Ultimate Guide to Wrongful Termination
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What Is Wrongful Termination?
Wrongful termination occurs when an employee was improperly fired or terminated from their job. The rules regarding wrongful termination vary from state to state. The majority of states follow the rules for at-will employment, which may hinder an employee’s claim for wrongful termination.
What Is At-Will Employment?
At-will employment is employment wherein the employer may fire an employee for any reason the employer sees fit, as long as the firing is not done for an improper purpose. If an employee is at-will, any reason, including no reason, is a proper basis for termination. Therefore, as long as the firing was not done for an improper purpose, an employee may not have a claim for wrongful termination if they were classified as an at-will employee at the time that they were fired.
Exceptions to an At-Will Employment Termination
There are many exceptions to at-will employment terminations that protect an at-will employee, or any employee, against termination for an improper purpose. These exceptions include the following:
- Discrimination: Employers may not fire any employee on the basis of discrimination. If you believe that you were fired because of your race, color, national origin, gender, religion, age, disability, pregnancy, or genetic information, you may have a claim for wrongful termination based on discrimination. There are strict timelines for filing a wrongful termination claim based on discrimination, therefore, it is important to act quickly once you have been terminated. Typically, you must file a complaint of discrimination with a state or federal agency before you are allowed to sue your former employer in court.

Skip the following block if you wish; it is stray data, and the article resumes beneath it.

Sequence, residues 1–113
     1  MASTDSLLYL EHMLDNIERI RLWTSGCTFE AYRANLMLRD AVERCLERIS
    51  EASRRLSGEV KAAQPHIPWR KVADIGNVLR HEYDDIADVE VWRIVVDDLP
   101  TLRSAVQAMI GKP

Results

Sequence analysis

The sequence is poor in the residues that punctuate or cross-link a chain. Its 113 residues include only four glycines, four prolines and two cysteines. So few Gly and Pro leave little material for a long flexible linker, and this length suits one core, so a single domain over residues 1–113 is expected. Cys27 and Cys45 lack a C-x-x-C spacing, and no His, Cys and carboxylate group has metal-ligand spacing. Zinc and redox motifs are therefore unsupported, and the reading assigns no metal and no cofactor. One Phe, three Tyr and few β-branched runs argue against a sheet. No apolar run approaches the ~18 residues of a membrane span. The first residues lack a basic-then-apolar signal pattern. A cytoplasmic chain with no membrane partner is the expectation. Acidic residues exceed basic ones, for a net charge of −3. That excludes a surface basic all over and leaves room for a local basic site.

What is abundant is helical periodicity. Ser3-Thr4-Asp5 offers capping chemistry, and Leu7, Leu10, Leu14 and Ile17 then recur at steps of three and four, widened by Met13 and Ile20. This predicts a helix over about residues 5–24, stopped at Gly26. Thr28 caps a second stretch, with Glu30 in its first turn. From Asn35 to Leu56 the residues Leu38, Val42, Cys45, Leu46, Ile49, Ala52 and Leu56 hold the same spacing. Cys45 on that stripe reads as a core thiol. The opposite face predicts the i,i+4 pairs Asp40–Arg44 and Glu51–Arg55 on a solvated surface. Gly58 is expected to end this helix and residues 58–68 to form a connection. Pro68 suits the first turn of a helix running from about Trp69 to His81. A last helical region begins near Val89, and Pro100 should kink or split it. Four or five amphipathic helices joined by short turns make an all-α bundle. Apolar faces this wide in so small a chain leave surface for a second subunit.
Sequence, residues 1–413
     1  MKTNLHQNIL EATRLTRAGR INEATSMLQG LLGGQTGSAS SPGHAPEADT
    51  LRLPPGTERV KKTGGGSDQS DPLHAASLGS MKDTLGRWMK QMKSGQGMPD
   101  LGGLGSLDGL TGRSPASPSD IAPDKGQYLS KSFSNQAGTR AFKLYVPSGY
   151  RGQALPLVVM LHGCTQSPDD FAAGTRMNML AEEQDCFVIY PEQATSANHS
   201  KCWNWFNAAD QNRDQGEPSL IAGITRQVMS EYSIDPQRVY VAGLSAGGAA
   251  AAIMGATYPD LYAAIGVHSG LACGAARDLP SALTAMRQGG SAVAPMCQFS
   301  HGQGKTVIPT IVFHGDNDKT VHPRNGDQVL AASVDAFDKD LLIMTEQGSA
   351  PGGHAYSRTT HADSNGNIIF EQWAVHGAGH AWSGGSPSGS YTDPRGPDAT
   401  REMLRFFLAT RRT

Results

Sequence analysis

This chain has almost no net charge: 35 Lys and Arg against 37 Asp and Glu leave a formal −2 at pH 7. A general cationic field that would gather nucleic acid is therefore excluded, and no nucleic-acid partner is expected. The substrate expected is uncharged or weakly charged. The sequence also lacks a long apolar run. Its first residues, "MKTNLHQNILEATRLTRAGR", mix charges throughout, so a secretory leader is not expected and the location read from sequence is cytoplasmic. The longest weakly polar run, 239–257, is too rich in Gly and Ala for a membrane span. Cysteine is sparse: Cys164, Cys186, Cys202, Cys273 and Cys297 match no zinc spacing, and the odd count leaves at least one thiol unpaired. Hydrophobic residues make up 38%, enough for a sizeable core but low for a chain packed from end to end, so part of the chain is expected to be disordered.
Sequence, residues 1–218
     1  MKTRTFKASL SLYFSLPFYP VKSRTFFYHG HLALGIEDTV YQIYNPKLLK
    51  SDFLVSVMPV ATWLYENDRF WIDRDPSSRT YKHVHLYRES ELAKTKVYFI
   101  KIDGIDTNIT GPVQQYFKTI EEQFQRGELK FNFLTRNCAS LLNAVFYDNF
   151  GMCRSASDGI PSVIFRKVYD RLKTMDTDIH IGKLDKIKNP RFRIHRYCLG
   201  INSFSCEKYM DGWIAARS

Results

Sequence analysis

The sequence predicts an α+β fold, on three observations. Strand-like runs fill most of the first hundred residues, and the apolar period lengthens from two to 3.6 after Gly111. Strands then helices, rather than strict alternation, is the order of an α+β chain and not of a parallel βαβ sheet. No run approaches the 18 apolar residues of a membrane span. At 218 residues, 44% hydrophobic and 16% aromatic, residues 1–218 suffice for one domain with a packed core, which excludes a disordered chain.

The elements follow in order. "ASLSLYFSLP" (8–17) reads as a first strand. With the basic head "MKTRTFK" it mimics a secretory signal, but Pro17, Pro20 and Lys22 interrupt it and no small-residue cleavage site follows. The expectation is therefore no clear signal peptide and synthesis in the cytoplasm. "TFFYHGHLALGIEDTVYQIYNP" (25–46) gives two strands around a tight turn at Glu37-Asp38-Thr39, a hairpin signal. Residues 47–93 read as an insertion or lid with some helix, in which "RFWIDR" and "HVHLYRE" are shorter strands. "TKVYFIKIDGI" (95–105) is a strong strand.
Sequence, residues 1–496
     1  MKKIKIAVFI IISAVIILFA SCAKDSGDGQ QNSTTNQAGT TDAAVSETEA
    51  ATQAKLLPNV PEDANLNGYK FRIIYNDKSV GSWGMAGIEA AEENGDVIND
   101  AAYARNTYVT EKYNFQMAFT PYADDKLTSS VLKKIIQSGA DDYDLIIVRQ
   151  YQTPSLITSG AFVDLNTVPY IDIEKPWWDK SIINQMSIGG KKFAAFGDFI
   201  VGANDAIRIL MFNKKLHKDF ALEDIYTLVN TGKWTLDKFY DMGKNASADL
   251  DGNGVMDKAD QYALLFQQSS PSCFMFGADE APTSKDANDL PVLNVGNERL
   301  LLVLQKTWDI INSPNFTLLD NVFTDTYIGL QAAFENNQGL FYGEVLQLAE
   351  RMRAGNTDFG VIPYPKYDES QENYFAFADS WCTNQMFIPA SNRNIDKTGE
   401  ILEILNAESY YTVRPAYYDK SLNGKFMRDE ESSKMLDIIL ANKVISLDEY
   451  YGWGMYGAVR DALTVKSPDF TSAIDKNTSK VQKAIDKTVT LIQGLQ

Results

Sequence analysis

- Retaliation: Employers are forbidden from terminating their employees who have engaged in legally protected activities. These include whether the employee filed a claim of discrimination or is participating in an investigation for discrimination. If you are terminated based on retaliation, you must prove all of the following:
- You were engaged in a legally protected activity, such a filing a complaint with the Equal Employment Opportunity Commission or formally complaining to your employer about harassment or discrimination;
- The activity prompted your employer to act against you; and,
- You were subsequently terminated as a result.
- Contractual Employees: If an employee is employed under an employment contract, the employee may only be terminated for grounds stated in the contract. If the employee is terminated for reasons outside of that contract, they may have a claim for wrongful termination.
- Illegal Acts: An employer is not permitted to fire an employee because the employee committed an illegal act.
- Family or Medical Leave: Federal law permits employees to take a leave of absence for a specific family or medical problem. An employer may not terminate an employee who takes family or medical leave under the Family and Medical Leave Act.
- Not Following the Company’s Own Termination Procedure: If an employee handbook or company policy provides a procedure for termination of employees and the employer fails to follow this procedure while firing you, then you may have a claim for wrongful termination.
- Breaches of Good Faith and Fair Dealing Covenants
Filing a Lawsuit for Wrongful Termination
If you believe you have been terminated wrongfully, the first step in filing a lawsuit against your employer is to determine your “cause of action.” If your termination was based on any of the following exceptions to termination as an at-will employment listed above, then you may have a basis for filing a wrongful termination lawsuit.